Indian economy expects to record negative 4.5% growth rate in FY21 - GulfToday

Indian economy expects to record negative 4.5% growth rate in FY21


Labourers sit on stacks of wood timber on a tractor in Amritsar, India on Sunday. Agence France-Presse

With economic activities coming to a halt amid the Covid-19 pandemic and the lockdown, the Indian economy is expected to record a negative 4.5 per cent growth rate in the current financial year (FY21), according to the FICCI’s Economic Outlook Survey.

The minimum and maximum growth estimate stood at (-) 6.4 per cent and 1.5 per cent, respectively, for FY21, it said.

The quarterly median forecasts indicated 14.2 per cent contraction in the gross domestic product (GDP) in the first quarter of FY21, it added.

The signs of an impending slowdown have been sharply accentuated by the Covid-19 pandemic-induced lockdown. The Covid-19 pandemic has severely hit global as well as domestic growth.

The current round of survey, conducted in June, drew responses from leading economists representing industry, banking and financial services sectors.

Economic activity-wise annual forecast indicated a median growth of 2.7 per cent for agriculture and allied activities for FY21. Agriculture seems to be the only sector with a silver lining.

There’s an apparent upside as far as performance of monsoon was concerned this year with enough water in reservoirs, it said.

The rural sector, supported by a steady agriculture performance and hopefully a limited number of Covid-19 cases, will be a key demand generator this year, as per the survey.

Further, the direct income support through the PM-KISAN and increased allocation to MGNREGA were helping the returnee migrants, lending support to the rural economy, it showed.

The industry and services sectors are expected to contract by 11.4 per cent and 2.8 per cent, respectively. “Weak demand and subdued capacity utilisation were manifesting into a drag on investment, and the pandemic has further extended the timeline for recovery,” it said.

Even though activity in some sectors, like consumer durables and FMCG (fast-moving consumer goods), is gaining traction, most companies are still operating at low capacity utilisation rates. Labour availability and feeble demand remain major issues.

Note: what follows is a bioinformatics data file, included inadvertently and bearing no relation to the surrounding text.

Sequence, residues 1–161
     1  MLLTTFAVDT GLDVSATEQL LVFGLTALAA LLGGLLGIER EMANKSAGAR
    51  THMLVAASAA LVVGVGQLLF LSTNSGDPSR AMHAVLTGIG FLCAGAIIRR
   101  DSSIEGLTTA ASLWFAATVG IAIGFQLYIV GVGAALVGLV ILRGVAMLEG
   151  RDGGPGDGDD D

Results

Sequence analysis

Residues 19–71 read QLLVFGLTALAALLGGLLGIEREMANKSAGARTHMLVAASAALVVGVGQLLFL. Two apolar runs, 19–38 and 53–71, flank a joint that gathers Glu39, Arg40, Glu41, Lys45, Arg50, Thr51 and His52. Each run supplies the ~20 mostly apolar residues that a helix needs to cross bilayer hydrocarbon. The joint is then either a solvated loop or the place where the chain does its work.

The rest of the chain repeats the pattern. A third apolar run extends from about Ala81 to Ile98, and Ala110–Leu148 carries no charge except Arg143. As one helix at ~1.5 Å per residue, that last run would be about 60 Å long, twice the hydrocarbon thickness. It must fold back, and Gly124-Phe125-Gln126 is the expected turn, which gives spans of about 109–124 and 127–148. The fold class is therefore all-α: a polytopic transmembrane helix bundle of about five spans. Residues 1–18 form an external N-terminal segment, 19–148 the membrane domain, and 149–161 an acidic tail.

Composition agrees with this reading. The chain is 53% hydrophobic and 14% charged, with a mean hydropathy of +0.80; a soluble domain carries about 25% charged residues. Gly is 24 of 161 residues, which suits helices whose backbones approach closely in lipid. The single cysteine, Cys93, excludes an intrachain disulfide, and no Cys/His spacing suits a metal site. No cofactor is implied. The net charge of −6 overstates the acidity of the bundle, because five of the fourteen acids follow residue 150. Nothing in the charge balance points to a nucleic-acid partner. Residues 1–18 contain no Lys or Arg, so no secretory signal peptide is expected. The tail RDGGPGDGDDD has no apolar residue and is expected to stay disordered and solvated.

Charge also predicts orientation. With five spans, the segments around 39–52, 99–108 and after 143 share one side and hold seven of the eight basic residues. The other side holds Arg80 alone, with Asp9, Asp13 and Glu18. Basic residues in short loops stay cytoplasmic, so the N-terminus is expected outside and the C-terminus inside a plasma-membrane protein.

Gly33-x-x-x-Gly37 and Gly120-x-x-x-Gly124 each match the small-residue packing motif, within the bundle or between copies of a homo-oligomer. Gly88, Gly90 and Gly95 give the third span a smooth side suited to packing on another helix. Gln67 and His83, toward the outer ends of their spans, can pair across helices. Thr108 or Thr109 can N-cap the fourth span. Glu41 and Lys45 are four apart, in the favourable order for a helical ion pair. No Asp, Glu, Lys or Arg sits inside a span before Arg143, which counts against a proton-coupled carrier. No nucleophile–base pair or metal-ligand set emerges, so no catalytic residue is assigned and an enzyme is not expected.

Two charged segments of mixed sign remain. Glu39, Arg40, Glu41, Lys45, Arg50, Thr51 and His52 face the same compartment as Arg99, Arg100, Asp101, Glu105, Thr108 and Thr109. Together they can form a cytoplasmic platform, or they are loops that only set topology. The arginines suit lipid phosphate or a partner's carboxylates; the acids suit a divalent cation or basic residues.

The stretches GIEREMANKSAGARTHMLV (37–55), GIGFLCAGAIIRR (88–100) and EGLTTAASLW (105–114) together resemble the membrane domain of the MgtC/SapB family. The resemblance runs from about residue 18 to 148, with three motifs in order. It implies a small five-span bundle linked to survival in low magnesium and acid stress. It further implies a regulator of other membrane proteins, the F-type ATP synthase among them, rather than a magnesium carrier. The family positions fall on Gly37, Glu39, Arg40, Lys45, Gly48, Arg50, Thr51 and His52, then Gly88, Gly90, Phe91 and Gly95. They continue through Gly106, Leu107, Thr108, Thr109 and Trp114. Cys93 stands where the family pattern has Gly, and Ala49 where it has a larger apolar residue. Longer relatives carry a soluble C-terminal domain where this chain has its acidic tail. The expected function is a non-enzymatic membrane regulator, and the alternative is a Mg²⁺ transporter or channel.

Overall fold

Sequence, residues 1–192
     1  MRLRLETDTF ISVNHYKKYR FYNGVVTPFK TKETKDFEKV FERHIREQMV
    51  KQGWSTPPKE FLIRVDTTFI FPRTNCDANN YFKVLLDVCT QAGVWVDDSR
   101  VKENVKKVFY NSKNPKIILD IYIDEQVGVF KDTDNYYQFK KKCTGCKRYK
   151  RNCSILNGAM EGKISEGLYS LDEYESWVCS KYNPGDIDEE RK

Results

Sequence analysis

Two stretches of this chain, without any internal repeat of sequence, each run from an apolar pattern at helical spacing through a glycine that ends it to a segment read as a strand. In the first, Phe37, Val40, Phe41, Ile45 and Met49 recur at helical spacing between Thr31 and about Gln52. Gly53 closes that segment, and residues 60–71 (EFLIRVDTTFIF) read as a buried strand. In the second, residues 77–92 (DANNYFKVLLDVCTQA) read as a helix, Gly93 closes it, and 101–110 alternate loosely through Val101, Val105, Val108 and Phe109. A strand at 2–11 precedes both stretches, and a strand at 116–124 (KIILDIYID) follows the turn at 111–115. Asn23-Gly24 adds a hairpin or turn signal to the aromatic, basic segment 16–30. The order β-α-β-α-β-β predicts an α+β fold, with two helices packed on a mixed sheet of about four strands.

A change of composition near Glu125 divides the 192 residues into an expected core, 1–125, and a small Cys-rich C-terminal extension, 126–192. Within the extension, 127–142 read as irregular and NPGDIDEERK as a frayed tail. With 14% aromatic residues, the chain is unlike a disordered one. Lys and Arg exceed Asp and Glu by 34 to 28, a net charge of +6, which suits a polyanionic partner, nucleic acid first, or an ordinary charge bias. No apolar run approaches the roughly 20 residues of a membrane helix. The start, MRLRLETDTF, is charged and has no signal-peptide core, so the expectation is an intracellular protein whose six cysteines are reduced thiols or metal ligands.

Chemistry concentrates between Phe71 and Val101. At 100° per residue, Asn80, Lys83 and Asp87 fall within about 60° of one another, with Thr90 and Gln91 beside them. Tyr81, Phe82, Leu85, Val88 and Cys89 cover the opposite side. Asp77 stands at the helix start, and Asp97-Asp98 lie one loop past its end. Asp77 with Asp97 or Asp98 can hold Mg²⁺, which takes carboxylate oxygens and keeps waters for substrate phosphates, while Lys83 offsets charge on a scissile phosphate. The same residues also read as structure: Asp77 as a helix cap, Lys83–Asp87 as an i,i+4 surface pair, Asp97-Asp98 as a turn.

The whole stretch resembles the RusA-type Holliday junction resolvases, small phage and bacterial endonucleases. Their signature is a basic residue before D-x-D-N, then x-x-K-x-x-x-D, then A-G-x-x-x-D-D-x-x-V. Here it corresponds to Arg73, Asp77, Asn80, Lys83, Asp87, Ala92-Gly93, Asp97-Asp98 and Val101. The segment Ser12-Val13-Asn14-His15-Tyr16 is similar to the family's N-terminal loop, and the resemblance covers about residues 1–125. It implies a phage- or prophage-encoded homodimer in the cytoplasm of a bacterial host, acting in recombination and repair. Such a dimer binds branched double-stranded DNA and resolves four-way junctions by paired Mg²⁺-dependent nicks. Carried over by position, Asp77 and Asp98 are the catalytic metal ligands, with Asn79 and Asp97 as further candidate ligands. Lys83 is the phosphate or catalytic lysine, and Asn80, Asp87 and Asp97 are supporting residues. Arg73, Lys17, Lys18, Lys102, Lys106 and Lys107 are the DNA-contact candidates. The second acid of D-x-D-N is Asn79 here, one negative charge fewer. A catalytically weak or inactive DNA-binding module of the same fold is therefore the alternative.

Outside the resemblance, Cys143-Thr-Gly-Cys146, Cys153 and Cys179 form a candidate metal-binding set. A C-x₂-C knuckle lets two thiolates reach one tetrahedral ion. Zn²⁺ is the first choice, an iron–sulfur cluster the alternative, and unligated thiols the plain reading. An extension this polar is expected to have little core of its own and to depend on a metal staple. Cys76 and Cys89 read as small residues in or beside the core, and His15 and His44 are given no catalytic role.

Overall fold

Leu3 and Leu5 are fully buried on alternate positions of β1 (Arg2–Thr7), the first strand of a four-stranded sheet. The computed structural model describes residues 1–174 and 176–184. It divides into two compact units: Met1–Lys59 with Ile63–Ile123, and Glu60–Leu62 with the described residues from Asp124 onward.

Therefore, fresh investments would be difficult to come by in the near-to-medium term, the survey predicted.

Absence of demand stimulus, a second wave of the pandemic and continuation of social distancing and quarantine measures would weigh heavily on growth prospects, it said.

“With demand and investment outlook muted, robust government expenditure has been the only saviour. Nonetheless, growth is likely to bottom out after the second quarter of FY21,” FICCI survey said.

Meanwhile the medium-term outlook for the Indian economy remains uncertain with supply chains and demand yet to be restored fully while the trajectory of the coronavirus spread and the length of its impact remain unknown, Reserve Bank of India Governor Shaktikanta Das said on Saturday.

According to most estimates, the Indian economy will register a record contraction of over 4.5% in the current fiscal year that started on April 1 due to the pandemic.

Starting late March, the country was placed under one of the strictest lockdowns in the world for over two months. Since early June, the government has started easing restrictions to help some revival in the economy even though the number of infections in the country continues to rise.

“The Indian economy has started showing signs of getting back to normalcy in response to the staggered easing of restrictions,” Das said in an address to an online forum.

“It is, however, still uncertain when supply chains will be restored fully. How long will it take for demand conditions to normalise and what kind of durable effects will the pandemic leave behind on our potential growth?” he said.

Das said that the 2008 global crisis and the current crisis show that such economic shocks have “fatter tails” than generally believed, and that the country’s financial system should have larger capital buffers.

A recapitalisation plan for Indian banks is necessary as the economic impact of the pandemic may result in higher bad loans and erosion of capital for banks, the RBI governor added.

The central bank has cut policy rates by 115 basis points in response to the pandemic, resulting in a total policy rate reduction of 250 basis points since February 2019, along with providing liquidity of 9.57 trillion rupees ($127.28 billion).

It has also eased some bad loan provisioning norms and allowed loan moratoriums for retail customers.

Das said that the central bank has to carefully unwind the unusual monetary and regulatory measures taken to cushion the economic shocks in the post pandemic world, as the financial sector should return to normal functioning without relying on the regulatory relaxations as the new norm.

India recorded 27,114 coronavirus cases in the last 24 hours, taking the total to 820,915 including 22,123 dead.


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